Waiting for spring in Mérida

So far, I have been spending a fair amount of time in Extremadura, Spain and in particular it’s capital city, Mérida. I have a lot of familiarity with the city having visited it for the past six years. During that time I have amassed a city list of 72 species thus far.

Mérida is a small city of 100,000 or so inhabitants and is essentially surrounded by countryside. Most tourists visit the city to see its rich Roman heritage as there are plenty of ruins around, not least the Roman Bridge – the world’s longest of its kind. It cuts across the Guadiana River seperating the old town from the more recent part of the city on the westside.

Birders also come here, primarily to stand on the Roman Bridge to search for Purple Gallinules foraging alongside the reedbeds. It is indeed, one of the best places in the whole of Extremadura for this oversided moorhen.

Currently the water levels are artificially low because the local council are clearing the margins of a Water Hyacinth, a virulent invasive alien plant that has been choking everything in its path.

The draining has created some interesting looking muddy margins that I was hoping would have yielded a few waders. Instead, I have only been treated to a Common Sandpiper once and a scarce Pied Wagtail or two.

My patch is essentially the riverbank on the western side of the Guadiana from the Roman Bridge to the Iron Bridge (a railway bridge) 1.5 miles north downstream. There’s an interesting area of land that is currently being churned up by bulldozers. Despite that there are some small areas of thick vegetation, muddy puddles and piles of compost. All looking very inviting to passing migrants. The compost heaps have been crawling with Chiffchaffs with at least 30 snapping up the insects the other day.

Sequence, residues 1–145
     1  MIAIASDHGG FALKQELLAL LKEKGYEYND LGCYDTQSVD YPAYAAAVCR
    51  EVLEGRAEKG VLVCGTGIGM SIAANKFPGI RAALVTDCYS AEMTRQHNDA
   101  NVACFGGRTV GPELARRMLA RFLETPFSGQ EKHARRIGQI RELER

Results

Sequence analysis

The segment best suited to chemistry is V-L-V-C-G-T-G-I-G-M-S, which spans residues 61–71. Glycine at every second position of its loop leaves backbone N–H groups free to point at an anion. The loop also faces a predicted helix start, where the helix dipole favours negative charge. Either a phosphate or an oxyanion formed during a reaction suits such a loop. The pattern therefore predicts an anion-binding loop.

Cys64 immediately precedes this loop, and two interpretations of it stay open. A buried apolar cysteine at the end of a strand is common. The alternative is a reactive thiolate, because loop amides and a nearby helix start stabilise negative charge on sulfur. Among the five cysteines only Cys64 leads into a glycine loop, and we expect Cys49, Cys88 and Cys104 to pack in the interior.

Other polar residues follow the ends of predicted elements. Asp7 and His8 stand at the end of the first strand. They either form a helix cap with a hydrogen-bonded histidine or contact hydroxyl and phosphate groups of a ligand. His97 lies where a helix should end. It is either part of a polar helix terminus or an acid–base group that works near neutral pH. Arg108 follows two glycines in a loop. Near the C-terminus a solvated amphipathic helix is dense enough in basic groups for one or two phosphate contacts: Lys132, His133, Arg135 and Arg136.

I have flushed Snipe and found two Little Ringed Plover from the muddy pools and in the vegetated bits I’ve watched Hawfinch, Sardinian Warbler, Cetti’s Warbler and Spanish Sparrow. From the Iron Bridge sing Spotless Starling and on a reeded island in the middle of the river a pair of Marsh Harriers display.

Anyway, here are a selection of the birds that I have seen in the last month – and spring is not even here yet!

The draining has created some interesting looking muddy margins that I was hoping would have yielded a few waders. Instead, I have only been treated to a Common Sandpiper once and a scarce Pied Wagtail or two.

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